Veto override issue causes “back-and-forth” between Pulu and Sen. Nua
Sen. Fonoti Tafa’ifa Aufata was the lone opposition vote on a measure, which gives the Fono authority to override the governor's veto. The proposed amendment to the Constitution now goes to the House for consideration.
The Senate Joint Resolution was approved (14-1) during third and final reading on Monday.
At last Friday’s session, after the measure was approved in second reading, Fonoti asked that her “no” vote, which was carried out by a show of hands, be recorded in the daily Senate journal.
She argued to maintain the status quo, which was set up by our forefathers and therefore shouldn’t be changed.
The Senate's final vote followed two Senate Rules Committee hearings, including one last Friday for the public to provide testimonies. Only Pulu Ae Ae Jr. showed up to share with senators what the public is looking for, but he ended up being questioned by committee chairman Nuanuaolefeagaiga Saoluaga T. Nua.
Pulu didn't hold back. He publicly claimed that there are problems in government —including the Fono — and senators are fully are aware of them. He however declined to go into detail, out of respect for the “Tama o le Atunu’u”.
Pulu, who heads Congresswoman Aumua Amata’s District Office in the territory, testified as a private citizen and informed senators what many in the community have shared with him — people are afraid, reluctant and uncomfortable testifying before senators in the Senate chamber. Pulu suggested taking the issue to villages so the community can freely voice their views.
His testimony is the same view several residents have shared with Samoa News, which reported last week about the public hearing. Residents who contacted Samoa News said they prefer offering testimonies at the village level, where they can speak freely.
At the committee hearing, Pulu said this is the fourth time the veto override has been discussed and he believes many people don’t fully understand its importance.
Nuanuaolefeagaiga wanted to hear Pulu’s personal view on the measure, and that resulted in a back-and-forth Q&A between the pair that lasted about 15 minutes.
Pulu shared what he calls his honest opinion, saying he is looking ahead to the future of American Samoa and its relationship with the US government. He claims this is the only direct connection that American Samoa has with the feds, and that is the line-item veto, which gives the authority to the US Interior Secretary to make the final decision on the governor’s veto of a bill passed by the Fono.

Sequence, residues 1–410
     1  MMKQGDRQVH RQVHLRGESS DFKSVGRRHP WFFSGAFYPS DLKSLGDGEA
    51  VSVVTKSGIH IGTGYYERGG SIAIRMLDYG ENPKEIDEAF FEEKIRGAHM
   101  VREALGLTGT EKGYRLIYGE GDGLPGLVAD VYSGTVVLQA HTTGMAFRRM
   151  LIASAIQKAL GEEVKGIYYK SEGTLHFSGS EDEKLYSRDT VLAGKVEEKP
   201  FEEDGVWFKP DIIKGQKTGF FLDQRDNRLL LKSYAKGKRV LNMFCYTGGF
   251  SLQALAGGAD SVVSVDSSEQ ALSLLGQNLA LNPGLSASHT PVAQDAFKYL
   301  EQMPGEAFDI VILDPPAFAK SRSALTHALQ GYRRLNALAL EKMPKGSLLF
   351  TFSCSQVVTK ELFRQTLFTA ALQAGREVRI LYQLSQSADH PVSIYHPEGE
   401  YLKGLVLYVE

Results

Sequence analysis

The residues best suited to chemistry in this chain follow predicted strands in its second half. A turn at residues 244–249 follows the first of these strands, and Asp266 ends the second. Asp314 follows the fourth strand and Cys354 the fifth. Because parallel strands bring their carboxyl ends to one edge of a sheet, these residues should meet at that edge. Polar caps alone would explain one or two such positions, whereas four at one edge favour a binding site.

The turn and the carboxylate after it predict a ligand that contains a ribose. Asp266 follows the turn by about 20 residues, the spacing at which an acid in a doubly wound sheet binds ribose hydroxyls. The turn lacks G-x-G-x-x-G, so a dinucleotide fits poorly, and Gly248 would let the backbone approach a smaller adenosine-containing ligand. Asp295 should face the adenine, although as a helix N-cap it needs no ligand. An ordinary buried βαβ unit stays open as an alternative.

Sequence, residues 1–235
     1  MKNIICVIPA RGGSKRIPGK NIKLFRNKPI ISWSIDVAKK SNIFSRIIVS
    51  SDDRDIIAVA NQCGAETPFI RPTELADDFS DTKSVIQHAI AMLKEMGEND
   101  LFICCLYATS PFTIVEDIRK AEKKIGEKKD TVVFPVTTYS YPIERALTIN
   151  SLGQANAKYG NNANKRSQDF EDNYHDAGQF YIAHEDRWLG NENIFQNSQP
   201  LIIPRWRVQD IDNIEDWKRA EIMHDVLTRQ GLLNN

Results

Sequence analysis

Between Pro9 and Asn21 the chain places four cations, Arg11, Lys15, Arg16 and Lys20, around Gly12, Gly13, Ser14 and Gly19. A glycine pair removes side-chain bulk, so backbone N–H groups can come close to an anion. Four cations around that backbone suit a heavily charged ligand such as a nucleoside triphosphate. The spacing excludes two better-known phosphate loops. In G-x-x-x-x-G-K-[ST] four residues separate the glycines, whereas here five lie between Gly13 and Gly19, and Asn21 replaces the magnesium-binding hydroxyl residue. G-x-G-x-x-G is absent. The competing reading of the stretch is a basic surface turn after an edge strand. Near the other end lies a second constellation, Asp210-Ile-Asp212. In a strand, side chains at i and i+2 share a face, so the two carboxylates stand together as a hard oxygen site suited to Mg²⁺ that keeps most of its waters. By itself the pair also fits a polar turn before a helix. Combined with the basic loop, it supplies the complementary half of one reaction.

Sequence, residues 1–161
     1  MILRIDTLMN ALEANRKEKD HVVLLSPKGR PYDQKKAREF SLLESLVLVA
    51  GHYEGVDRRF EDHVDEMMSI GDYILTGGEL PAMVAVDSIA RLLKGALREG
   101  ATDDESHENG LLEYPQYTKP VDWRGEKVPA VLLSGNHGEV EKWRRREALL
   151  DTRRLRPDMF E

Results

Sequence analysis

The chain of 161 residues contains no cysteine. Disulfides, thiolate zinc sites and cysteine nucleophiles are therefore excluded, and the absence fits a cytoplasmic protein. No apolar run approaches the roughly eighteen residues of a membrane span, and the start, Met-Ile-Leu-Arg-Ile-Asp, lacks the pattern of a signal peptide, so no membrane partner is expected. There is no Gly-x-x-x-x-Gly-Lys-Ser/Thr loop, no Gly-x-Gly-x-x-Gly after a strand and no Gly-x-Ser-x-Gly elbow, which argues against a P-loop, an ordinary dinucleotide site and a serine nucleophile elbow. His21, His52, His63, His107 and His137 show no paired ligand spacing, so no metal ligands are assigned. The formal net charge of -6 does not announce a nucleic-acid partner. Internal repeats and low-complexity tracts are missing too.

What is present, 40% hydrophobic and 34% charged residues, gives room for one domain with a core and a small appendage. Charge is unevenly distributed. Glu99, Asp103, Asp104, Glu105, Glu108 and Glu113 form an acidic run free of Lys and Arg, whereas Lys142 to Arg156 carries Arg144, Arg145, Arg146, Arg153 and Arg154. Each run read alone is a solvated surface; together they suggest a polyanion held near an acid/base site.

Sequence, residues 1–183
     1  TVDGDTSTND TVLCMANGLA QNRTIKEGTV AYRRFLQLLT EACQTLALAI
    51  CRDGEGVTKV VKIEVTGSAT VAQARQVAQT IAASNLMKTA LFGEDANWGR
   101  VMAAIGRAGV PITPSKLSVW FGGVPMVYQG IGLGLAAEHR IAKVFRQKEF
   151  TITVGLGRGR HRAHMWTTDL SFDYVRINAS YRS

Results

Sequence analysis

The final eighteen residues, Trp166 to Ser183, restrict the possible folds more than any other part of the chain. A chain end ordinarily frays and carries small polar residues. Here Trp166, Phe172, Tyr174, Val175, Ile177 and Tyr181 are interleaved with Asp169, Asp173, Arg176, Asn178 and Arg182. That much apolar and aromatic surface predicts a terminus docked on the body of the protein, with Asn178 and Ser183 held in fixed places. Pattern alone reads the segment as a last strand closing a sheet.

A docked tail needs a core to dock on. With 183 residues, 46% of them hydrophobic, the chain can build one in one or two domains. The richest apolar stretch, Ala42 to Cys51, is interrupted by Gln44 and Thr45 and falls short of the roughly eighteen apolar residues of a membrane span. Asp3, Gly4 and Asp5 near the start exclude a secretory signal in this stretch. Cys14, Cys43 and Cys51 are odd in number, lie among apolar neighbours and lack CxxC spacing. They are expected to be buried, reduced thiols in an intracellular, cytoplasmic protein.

If it is removed, Pulu said the feds might think American Samoa wants to oversee its own government.
Nuanuaolefeagaiga interjected and asked if it isn’t the federal government's wish for American Samoa to conduct its own affairs when it comes to territorial government.
Pulu reiterated that this is the only connection with the feds and if the feds want American Samoa to handle its own government, “the question is, ‘are we prepared to do that’?” he asked, adding that in his own opinion, American Samoa is not prepared.
He claims that senators are aware of it, but he didn’t give examples, although he went on to make further claims that many people are aware of the problems (fa’aletonu) in the Senate and quickly added, “both Houses” referring to the Senate and House.
Nuanuaolefeagaiga again interjected saying that it is his belief that the government is on solid ground and doing well without any problems (leai ni fa’aletonu), and the only fa’aletonu is the Fono’s override authority of the governor’s veto, which the Fono does not have.
He asked if Pulu was aware of any bill sent to the Interior Secretary, who then made a decision to override the governor’s veto. Pulu responded that perhaps it may have been done years ago, during the early time of the American Samoa Government when the governor was appointed by the US President.
As to Nuanuaolefeagaiga’s comments that there are no problems — “leai ni fa’aletonu” in government — Pulu said he doesn’t want to share public details of what he says are problems, adding that if he speaks about such problems, senators wouldn't want to hear them.
Nuauaolefeagaiga interjected again, saying that if there are problems, those are particular to an individual but not the Fono nor the government, which is solid and moving forward. That prompted Pulu to react with a short-laugh response.
The committee chairman said only one bill was sent to the Interior Secretary for a decision on the governor’s veto, but up to now there is still no reply. Nuanuaolefeagaiga didn’t provide any other details on the matter.
When the floor was opened for questions from committee members, Senate President Gaoteote Tofau Palaie acknowledged that others in the past have tried unsuccessfully to address the Fono's veto override authority. He said the check and balance in government is achieved through the Fono's veto override authority.
Gaoteote said this is an important issue to review now, for future generations who will be taking up seats in the Fono. He then agreed to dismiss the witness.
In his parting remarks, Pulu made clear that he is not against the measure, which he supports, but the final decision rests with the Senate. He asked for forgiveness if he said anything wrong, but added that he didn’t want to publicly share what he knows are the problems in government.
After Pulu left the chamber, the committee moved to debate the measure, with some senators voicing their disappointment with Pulu’s statements regarding alleged problems in government, without any proof.
If the Fono approves the measure, there will be time before the November 2018 election to conduct public awareness activities to explain to the community the importance of the Fono’s override veto authority, according to the committee.